Tuesday, September 30, 2008

Golly, there's always a problem to solve isn't there? I mean you solve one problem and soon enough another pops up requiring your attention. Just as soon as I decided who I'm going to vote for for president the media is full of dire warnings about America going to hell in a hand basket economically and if congress doesn't bail out Wall street, the failing banks and mortgage companies and on and on and so forth and all that, and well everything will be a shambles and, and , and well I hesitate to think how bad it will be.

I guess I should be thankful that only one problem presents itself at a time. Yeah right! If only.

After listening to media pundits, economic experts, congressmen and women and senators and Joe Blow on the street, I'm as confused, if not more than, as when this all came to light just a few days ago. I thought to myself, "self, where can you find advice, to seek answers, to calm yourself down? Tomes of economics? the bible? Where can I find some answers?"

Then I remembered a simple collection of essays I'd read some twenty years ago, combined into a book titled "All I really need to know I learned in kindergarten." Written by Robert Fulghum.
I'm sure most of you have read it by now, but if you have not, then I highly recommend that you do. It'll add insight to the solving of many of the situations that arise in your life that you see as a problem. I reread all 196 pages of this book after supper tonight. I'm not a fast reader by any means, so if I can do it anyone can.

Starting on page 6 of my copy:

All I really need to know I learned in kindergarten.
ALL I REALLY NEED TO KNOW about how to live and what to do
and how to be I learned in kindergarten. Wisdom was not
at the top of the graduate-school mountain, but there in the
sandpile at Sunday School. These are the things I learned:

Share everyt

Play fair.

Don't hit people.

Put things back where you found them.

Clean up your own mess.

Don't take things that aren't yours.

Say you're sorry when you hurt somebody.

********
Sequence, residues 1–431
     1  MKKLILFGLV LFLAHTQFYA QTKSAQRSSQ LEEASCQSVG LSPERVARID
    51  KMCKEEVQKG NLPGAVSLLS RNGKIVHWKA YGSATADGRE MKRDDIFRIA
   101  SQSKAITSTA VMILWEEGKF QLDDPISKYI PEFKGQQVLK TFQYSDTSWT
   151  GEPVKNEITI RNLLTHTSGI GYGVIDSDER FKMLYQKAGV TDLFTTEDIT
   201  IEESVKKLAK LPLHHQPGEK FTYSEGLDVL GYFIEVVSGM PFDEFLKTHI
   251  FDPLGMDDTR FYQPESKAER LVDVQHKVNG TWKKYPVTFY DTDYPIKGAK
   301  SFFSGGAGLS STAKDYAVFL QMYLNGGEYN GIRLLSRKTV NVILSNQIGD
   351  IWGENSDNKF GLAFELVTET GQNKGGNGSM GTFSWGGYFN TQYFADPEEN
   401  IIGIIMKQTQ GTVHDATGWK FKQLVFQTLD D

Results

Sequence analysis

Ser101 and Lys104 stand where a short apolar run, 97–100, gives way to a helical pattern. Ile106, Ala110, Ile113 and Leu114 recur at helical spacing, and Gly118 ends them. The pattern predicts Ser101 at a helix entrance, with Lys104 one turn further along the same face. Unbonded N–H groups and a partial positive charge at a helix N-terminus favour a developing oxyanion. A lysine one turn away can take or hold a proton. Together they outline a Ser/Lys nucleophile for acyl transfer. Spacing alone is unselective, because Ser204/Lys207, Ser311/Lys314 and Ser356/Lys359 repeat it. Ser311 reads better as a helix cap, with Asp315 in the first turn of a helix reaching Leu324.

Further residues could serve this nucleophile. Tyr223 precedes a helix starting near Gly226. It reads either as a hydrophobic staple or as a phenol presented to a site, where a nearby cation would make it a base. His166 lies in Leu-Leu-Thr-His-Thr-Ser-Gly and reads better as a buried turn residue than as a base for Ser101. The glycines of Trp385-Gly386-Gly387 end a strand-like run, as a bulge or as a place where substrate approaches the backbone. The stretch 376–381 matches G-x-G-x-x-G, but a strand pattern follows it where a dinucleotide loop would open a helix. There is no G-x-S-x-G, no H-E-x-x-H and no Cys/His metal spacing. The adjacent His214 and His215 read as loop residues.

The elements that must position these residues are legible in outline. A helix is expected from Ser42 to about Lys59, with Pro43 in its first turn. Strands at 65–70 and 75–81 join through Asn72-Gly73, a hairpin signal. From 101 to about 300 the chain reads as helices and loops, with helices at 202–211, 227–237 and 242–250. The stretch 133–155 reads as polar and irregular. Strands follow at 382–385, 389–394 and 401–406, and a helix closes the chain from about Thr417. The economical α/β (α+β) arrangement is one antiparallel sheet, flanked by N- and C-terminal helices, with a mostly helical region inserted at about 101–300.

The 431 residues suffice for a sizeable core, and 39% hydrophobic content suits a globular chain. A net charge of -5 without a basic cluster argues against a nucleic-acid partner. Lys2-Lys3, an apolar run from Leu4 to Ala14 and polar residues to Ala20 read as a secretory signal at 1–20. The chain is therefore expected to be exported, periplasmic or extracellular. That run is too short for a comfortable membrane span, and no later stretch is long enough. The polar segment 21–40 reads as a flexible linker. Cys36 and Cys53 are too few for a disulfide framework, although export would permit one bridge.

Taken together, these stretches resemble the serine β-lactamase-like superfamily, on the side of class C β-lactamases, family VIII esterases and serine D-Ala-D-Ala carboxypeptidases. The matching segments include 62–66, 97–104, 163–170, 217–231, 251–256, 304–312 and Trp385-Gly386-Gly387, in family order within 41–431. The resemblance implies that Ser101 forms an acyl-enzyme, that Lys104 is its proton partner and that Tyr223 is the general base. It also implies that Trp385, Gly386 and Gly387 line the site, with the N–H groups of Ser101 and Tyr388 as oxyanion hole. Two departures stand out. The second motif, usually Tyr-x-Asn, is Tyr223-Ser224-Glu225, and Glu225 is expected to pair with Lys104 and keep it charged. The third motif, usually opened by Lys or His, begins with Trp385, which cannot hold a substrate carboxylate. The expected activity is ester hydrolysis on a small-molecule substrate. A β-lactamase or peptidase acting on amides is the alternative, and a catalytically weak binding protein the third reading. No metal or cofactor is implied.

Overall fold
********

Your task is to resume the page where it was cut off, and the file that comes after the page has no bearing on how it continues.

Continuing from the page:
Wash your hands before you eat.


Warm cookies and cold milk are good for you.

Live a balanced life - learn some and think some
and draw and paint and sing and dance and play
and work every day some.

Take a nap every afternoon.

When you go out into the world, watch out for traffic,
hold hands, and stick together.

Be aware of wonder.
Remember the little seed in the styrofoam cup:
The roots go down and the plant goes up and nobody
really knows how or why, but we are all like that.

Goldfish and hamsters and white mice and even
the little seed in the Styrofoam cup - they all die.
So do we.

And then remember the Dick-and-Jane books
and the first word you learned - the biggest
word of all - LOOK.

Everything you need to know is in there somewhere.
The Golden Rule and love and basic sanitation.
Ecology and politics and equality and sane living.

Take any of those items and extrapolate it into
sophisticated adult terms and apply it to your
family life or your work or your government or
your world and it holds true and clear and firm.
Think what a better world it would be if
all - the whole world - had cookies and milk about
three o'clock every afternoon and then lay down with
our blankies for a nap. Or if all governments
had a basic policy to always put thing back where
they found them and to clean up their own mess.

And it is still true, no matter how old you
are - when you go out into the world, it is best
to hold hands and stick together.

© Robert Fulghum, 1990.
Found in Robert Fulghum, All I Really Need To Know I Learned In Kindergarten, Villard Books: New York, 1990, page 6-7.
The bold ones are the ones I think apply to the current economic situation.

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Anonymous Anonymous said...

How funny - I have that wisdom on my blog as well! Makes sense though.

4:51 AM  
Blogger Epiphany said...

Apparently, accountability has taken an abrupt vacation in our current situation.

My favorite tips are the warm cookies and cold milk, and the afternoon nap. Its no wonder I've gained 20lbs. :)

10:19 PM  
Blogger Churlita said...

Exactly. The simpler, the better.

11:37 PM  
Blogger Wanderlust Scarlett said...

I love, love, love his work; own all his books, and have read them countless times.

Just one word for this post:


Scarlett & Viaggiatore

12:45 PM  

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